REPORT message: Once the REPORT message is broadcast and the identity of the verifier is known, each neighbor X that previously received S‟s POLL unicasts to S an encrypted, signed REPORT message. The REPORT carries X‟s position, the transmission time of X‟s REPLY, and the list of pairs of reception times and provisional identifiers referring to the REPLY broadcasts X received The identifiers are obtained from the map included in the REVEAL message. Also, X discloses its own identity by including in the message its digital name and certified public key; through the nonce, it correlates The REPORT to its previously issued REPLY. We remark that all sensitive data are encrypted using S s public key, so that eavesdropping on the wireless channel is not possible. At the end of the message exchange, only the verifier knows all positions and timing information. If needed, certified keys in REPORT messages allow the matching of such data and node identities.
Position Verification:Once the message exchange is concluded, S can decrypt the usual data and acquire the position of all neighbors that participate in the protocol,
The Direct Symmetry Test (DST):DST is the first verification performed by S and is detailed in There, denotes the absolute value operator the euclidean distance between locations .In the DST, S verifies the direct links with its communication neighbors. To this end, it checks whether reciprocal ToF-derived distances are consistent1) with each other, 2) with the position advertised by the neighbor, and 3) with a proximity range R. The latter corresponds to the maximum nominal transmission range, and upper bounds the distance at which two nodes can communicate. More specifically, the first check verifies that the distances, obtained from ranging, do not differ by more than twice the ranging error plus a tolerance value accounting for node spatial movements during the protocol execution. The second check verifies that the position advertised by the neighbor is consistent with such distances, within an error margin of although trivial, this check is fundamental since it correlates positions to computed distances: without it, an attacker could fool the verifier by simply advertising an arbitrary position along with correct broadcast transmission and reception timings.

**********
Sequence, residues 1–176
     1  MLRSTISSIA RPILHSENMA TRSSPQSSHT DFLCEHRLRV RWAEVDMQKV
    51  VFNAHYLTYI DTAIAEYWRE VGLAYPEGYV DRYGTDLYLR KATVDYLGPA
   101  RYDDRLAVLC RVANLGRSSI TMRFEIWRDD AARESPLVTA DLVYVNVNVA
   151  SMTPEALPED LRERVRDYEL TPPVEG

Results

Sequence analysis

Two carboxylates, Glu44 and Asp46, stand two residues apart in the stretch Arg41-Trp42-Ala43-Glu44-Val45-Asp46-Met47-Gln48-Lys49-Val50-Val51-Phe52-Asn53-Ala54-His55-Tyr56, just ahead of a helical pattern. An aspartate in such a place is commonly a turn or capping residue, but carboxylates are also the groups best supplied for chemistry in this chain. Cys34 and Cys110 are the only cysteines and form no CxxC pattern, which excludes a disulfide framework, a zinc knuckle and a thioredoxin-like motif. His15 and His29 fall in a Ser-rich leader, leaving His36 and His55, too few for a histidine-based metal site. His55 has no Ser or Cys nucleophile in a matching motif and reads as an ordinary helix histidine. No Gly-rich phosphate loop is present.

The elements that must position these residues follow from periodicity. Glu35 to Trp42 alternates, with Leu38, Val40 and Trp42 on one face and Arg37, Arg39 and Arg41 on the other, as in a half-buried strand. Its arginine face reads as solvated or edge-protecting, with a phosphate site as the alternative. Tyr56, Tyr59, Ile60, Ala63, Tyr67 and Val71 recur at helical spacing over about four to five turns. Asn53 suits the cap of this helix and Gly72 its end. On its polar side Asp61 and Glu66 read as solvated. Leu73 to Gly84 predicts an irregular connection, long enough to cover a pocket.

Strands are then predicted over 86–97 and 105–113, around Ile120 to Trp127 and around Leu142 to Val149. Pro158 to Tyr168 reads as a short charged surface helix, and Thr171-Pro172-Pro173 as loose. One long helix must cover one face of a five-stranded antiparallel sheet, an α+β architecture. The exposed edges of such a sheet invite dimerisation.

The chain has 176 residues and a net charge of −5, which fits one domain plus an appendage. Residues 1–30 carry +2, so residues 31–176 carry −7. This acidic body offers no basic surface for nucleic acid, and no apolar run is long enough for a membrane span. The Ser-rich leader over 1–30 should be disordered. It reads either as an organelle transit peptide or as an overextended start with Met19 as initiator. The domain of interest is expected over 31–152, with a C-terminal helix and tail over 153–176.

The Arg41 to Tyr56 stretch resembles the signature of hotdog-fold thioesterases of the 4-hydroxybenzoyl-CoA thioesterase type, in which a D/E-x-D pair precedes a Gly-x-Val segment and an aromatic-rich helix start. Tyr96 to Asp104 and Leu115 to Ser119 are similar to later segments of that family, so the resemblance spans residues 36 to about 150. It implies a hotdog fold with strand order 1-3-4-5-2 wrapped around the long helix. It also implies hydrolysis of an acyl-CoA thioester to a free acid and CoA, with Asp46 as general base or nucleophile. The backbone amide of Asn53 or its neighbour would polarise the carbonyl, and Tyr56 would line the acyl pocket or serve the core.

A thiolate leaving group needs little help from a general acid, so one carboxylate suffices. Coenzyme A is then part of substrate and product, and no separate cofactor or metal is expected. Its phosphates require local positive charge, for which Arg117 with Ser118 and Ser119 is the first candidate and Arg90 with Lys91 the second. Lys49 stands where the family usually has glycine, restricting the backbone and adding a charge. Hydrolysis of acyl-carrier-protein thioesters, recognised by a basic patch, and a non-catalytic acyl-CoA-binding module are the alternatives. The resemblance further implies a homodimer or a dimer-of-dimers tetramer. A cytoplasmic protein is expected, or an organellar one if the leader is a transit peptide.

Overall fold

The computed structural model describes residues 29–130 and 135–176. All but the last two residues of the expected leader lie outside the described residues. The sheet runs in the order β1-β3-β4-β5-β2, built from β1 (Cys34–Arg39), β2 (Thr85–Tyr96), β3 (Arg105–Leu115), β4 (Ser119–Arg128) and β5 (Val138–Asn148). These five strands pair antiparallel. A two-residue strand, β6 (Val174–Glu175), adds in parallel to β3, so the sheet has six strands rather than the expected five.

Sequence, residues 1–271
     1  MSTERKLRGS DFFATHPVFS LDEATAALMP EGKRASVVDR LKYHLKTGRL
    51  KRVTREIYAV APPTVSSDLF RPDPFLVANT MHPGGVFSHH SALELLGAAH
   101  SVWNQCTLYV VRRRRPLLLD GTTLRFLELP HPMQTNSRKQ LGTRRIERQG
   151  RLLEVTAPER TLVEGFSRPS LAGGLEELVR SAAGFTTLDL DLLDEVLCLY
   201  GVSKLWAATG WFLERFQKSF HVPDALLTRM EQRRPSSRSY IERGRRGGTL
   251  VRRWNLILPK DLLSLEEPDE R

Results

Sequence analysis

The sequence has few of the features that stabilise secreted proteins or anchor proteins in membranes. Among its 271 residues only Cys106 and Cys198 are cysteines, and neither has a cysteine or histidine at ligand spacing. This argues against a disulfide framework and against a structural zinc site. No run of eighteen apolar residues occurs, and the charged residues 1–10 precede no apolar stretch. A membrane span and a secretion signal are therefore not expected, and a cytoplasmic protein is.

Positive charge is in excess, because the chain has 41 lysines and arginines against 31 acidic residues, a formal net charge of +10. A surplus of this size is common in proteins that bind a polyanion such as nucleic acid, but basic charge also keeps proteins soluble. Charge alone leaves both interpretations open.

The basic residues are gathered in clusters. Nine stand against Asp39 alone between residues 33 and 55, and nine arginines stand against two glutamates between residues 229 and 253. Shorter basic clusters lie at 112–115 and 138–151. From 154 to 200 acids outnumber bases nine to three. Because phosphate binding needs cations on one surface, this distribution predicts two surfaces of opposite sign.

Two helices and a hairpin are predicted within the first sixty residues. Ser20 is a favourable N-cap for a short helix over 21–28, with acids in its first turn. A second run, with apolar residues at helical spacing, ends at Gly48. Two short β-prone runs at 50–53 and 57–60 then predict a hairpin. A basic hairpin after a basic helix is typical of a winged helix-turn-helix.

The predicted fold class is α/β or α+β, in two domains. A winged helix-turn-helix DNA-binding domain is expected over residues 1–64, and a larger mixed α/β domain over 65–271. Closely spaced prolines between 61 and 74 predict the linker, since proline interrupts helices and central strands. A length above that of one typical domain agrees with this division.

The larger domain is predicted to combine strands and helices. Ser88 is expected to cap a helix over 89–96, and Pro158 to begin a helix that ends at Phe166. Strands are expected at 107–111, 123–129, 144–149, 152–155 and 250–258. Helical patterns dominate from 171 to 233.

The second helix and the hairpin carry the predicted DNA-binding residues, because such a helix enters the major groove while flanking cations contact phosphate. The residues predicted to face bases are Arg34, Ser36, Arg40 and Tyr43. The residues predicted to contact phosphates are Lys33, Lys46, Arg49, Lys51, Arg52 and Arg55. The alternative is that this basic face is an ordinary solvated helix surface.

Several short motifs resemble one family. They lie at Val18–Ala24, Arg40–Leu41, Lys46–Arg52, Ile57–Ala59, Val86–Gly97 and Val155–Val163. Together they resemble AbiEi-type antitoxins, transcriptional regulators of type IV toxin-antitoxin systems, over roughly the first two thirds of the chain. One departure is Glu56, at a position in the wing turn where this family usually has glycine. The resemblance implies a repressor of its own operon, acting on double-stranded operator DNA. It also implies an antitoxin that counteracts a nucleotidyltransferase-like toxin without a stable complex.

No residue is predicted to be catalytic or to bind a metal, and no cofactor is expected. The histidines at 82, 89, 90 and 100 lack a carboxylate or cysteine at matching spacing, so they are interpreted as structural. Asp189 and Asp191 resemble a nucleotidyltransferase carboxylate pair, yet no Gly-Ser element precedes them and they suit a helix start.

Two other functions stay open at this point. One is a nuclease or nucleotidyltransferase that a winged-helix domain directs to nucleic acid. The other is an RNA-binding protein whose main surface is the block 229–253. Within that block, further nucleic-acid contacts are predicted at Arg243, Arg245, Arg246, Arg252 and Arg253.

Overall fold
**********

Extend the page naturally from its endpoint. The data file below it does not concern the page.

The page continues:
The Cross-Symmetry Test (CST):In implements cross verifications, i.e., it checks on the information mutually gathered by each pair of communication neighbors. The CST ignores nodes already declared as faulty by the DST and only considers nodes that proved to be communication neighbors between each other, i.e., for which derived mutual distances are available However, pairs of neighbors declaring collinear positions with respect to S are not taken into account is the line passing by points. As shown in the next section, this choice makes our NPV robust to attacks in particular situations. For all other pairs the CST verifies the symmetry of the reciprocal distances their consistency with the positions declared by the nodes and with the proximity range For each neighbor X, S maintains a link counter l and a mismatch counter

The Multilateration Test (MLT)

MLT, in Algorithm 5, ignores nodes already tagged as faulty or unverifiable and looks for suspect neighbors in. For each neighbor X that did not notify about a link reported by another node is computed and added to the Such a curve is the locus of points that can generate a transmission whose Time Difference of Arrival (TDoA) at S and Y matches that measured by the two nodes, i.e It is easy to verify that such a curve is a hyperbola temporary through the actual position of X.


We consider a backbone network interconnected by a number of geographically distributed routers, in which hosts are attached to the access routers which cooperate with the core routers to enable end-to-end communications. Congestion occurs when many flows traverse a router and because its IQSize (Instantaneous Queue Size) to exceed the buffer capacity, thus making it a bottleneck in the Internet. Since any router may become bottleneck along an end-to-end data path, we would like each router to be able to manage its traffic. Below is the general operation principle of our new traffic management/control algorithm. Inside each router, our distributed traffic controller acts as a data rate regulator by measuring and monitoring the IQSize. As per its application, every host (source) requests a sending rate it desires by depositing a value into a dedicated field Req_rate inside the packet header. This field can be updated by any router en route. Specifically, each router along the data path will compute an allowed source transmission rate according to the IQSize and then compare it with the rate already recorded in Req_rate field. If the former is smaller than the latter, the Req_rate field in the packet header will be updated; otherwise it remains unchanged. After the packet arrives at the destination, the value of the Req_rate field reflects the allowed data rate from the most congested router along the path if the value is not more than the desired rate of the source. The receiver then sends this value back to the source via an ACK (ACKnowledgment) packet, and the source would update its current sending rate accordingly. If no router modifies Req_rate field, it means that all routers en route allow the source to send its data with the requested desired rate. System